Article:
It’s easier than you think to become a LinkedIn influencer. The first requirement is to have a great LinkedIn profile. Second, make sure you share great content, and finally, don’t forget to connect with people on a one-to-one personal basis.
With face-to-face networking events on hold, attending digital events is one of the best ways to connect with people, whether it be at an online conference, a virtual breakout room at a digital trade show or a networking chat room.
Joining an industry or business association is another good place to meet new contacts, explore new ideas and stay on top of relevant trends.
In business terms, analytical thinking is the capacity to impartially evaluate the present state of your organisation to determine what your business will look like in the future, and what you have to do to make it happen.
The secret is to know how to collect, review, and gain insights from data that can be used to create and implement a compelling business proposition.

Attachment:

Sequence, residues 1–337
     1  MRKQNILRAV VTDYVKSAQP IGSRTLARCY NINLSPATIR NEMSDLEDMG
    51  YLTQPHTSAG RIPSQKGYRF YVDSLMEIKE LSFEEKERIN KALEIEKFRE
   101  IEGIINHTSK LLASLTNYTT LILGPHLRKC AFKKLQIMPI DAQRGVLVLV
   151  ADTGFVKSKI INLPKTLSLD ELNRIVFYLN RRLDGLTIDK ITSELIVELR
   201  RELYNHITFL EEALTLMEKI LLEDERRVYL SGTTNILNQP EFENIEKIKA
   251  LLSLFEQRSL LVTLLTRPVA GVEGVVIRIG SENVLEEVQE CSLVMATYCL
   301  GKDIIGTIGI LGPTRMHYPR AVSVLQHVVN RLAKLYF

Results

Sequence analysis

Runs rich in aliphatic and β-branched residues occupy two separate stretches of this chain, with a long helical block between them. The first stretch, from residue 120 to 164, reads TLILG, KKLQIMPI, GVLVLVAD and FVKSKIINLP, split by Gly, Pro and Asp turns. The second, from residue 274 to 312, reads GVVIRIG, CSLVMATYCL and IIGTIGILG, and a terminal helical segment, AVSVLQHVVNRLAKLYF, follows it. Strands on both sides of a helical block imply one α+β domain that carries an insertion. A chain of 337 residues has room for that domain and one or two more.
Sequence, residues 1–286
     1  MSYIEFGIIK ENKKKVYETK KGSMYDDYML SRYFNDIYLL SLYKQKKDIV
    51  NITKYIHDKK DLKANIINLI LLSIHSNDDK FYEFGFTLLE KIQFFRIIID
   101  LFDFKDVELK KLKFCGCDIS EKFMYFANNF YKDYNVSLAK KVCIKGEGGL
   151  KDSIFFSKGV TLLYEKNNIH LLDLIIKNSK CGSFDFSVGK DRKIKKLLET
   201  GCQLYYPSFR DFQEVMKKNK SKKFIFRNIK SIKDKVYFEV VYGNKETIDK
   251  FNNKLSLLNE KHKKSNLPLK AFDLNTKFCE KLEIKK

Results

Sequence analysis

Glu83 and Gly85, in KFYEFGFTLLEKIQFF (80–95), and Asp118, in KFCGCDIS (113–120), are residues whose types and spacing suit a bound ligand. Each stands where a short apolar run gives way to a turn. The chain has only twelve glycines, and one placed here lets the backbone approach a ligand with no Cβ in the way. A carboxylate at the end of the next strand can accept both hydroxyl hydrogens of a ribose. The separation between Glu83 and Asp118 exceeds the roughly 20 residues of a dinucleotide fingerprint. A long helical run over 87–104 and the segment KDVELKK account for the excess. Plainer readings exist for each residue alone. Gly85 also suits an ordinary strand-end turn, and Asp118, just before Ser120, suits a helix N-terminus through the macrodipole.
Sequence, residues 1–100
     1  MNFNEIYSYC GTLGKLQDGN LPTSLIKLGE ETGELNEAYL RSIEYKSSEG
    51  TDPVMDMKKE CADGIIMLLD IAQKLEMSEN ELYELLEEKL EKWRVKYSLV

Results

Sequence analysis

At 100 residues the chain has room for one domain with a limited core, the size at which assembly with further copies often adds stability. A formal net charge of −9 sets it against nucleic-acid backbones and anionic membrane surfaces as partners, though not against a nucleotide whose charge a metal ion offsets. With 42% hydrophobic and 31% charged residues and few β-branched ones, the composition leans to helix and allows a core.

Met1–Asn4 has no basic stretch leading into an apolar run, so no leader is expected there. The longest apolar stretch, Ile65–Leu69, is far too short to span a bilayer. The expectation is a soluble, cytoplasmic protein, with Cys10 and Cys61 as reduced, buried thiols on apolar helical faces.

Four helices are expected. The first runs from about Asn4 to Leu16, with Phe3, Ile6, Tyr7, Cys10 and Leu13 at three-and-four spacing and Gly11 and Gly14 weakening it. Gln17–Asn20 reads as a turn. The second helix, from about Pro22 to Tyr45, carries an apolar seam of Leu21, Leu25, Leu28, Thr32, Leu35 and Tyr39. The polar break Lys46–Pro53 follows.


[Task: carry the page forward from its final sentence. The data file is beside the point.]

With the growth of the Internet of Things and big data, collecting information is getting easier; it’s learning how to utilise that data that can be a challenge.
That’s why you’ll find a growing number of data analysts popping up on workplaces who know how to interrogate datasets, highlight trends, and test hypotheses to provide a structure for approaching complex business issues.
There are also plenty of courses you can enrol in to learn how to gain better insights from the data you collect.
From the highly specialised, to the routine, it takes a full suite of business skills to navigate today’s complex business world.
Apply your business skills to understand the behaviour of customers, the marketplace, competitors, and the organisation itself, and use this information to set your business on a profitable course.
If you’re looking to enhance your Business Skills, register for complimentary webinars hosted by Redback here. You also watch on demand webinar recordings!